- Issue date: 27/10/2008
- Printing Process: Huecograbado
- Paper: Estucado, engomado, fosforescente
- Size of stamp: 40,9 x 28,8 mm. (horizontales)
- Postal value of the stamps: 0,43 €
- Print run: 500.000
- Dented: 13 3/4
This series, issued throughout 2008 and made up of 16 stamps related to sport activities which have been preserved in some Spanish regions, ends with these last three stamps devoted to the chito, chave and calva, similar to bowling and included in the group of precision games.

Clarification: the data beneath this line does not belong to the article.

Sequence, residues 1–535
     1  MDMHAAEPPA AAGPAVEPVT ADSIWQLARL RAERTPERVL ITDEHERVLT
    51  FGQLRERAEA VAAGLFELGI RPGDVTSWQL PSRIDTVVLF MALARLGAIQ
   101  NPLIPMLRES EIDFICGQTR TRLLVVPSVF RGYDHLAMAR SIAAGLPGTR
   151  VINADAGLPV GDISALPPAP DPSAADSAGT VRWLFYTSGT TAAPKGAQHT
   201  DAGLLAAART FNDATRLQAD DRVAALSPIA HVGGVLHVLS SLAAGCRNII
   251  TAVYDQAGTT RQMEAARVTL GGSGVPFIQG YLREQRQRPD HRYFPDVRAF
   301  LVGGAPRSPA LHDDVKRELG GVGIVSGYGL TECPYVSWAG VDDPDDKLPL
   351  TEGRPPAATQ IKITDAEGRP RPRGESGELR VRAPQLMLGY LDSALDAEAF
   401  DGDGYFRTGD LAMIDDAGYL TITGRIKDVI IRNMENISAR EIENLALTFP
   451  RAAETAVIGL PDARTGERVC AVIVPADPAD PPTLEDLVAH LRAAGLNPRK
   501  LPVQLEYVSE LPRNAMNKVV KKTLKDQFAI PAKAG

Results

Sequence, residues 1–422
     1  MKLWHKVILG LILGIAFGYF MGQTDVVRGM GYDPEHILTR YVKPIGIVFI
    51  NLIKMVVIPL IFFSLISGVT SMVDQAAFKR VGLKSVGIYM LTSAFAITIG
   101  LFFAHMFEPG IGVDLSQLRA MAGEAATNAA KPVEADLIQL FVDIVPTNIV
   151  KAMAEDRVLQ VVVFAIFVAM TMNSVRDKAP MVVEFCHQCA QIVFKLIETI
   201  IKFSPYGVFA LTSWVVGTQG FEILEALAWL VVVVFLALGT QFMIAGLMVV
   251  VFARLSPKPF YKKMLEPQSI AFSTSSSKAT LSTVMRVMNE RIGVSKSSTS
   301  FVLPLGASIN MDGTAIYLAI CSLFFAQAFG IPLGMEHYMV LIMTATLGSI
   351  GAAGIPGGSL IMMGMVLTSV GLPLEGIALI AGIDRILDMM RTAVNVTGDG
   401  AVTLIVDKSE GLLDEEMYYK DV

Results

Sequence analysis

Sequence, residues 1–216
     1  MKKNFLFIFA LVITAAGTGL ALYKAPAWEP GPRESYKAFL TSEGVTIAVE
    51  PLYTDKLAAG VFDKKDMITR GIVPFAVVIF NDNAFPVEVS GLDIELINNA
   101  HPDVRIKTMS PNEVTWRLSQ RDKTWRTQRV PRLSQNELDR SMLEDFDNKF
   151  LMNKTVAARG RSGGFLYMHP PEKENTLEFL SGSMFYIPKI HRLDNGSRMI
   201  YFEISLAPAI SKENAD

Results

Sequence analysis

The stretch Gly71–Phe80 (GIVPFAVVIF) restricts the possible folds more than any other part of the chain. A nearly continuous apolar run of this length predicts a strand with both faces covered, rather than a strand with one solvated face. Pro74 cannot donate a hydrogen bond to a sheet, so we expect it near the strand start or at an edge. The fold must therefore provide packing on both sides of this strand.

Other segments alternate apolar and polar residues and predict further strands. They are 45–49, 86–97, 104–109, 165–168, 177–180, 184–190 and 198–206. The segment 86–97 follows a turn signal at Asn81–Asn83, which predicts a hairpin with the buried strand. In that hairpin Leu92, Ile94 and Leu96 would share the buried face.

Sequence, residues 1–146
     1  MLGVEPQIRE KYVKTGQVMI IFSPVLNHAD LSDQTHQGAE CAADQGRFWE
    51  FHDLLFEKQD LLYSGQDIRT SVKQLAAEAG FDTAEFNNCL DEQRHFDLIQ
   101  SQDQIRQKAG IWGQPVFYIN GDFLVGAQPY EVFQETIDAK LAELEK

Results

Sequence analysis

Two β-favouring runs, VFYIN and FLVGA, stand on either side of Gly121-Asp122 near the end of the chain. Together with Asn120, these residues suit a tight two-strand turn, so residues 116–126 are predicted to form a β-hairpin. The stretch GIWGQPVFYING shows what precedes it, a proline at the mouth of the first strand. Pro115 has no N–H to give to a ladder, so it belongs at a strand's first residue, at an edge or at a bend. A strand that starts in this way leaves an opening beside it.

The Chito, known in the region of Castilla as tuta or tarusa, consists of knocking down a wooden cylinder with some coins or bottle caps on the top by throwing an iron disc called toston, doblon or tango from a distance of 15 to 20 meters. The player that knocks down the tuta and keeps the coins or caps closer to it wins the game. The pitch is flat and rectangular shaped measuring 22 metres long by 4 metres wide. From the Civil War until the 60s it was banned for being a betting game. The Chave is played differently in the regions of Galicia, Asturias and the north of León. The game consists of throwing some discs called pellos, weighing up to 500 gr. aiming at touching the key dug on the ground from a distance of 20 or 30 steps. In some areas the game varies slightly, in Ourense the key is 75cm high and is blade shaped so it can turn when it is knocked by the disc. In A Coruña the key has the shape of a tongue and the game consist of bringing down the key, not only touching it. In El Ferrol the key has the shape of a fork with one blade which has to turn when it is touched by the disc. Finally, in Asturias the modalities are the llave clásica and llave alterna. The game of la calva or morrillo finds its origins in the shepherds and is played mainly in Castilla y Leon, Madrid and Guadalajara. La calva is a piece of wood with two angle shaped arms and the morillo or canto was initially a stone and is nowadays a piece of iron. The game consists of throwing the morillo from a distance of 10 to 15 metres and hitting la calva. The souvenir sheet is made up of three stamps and three vignettes with no postal value depicting scenes of these autochthonous sports and games which have reached us thanks to the interest and effort of some regions in their preservation.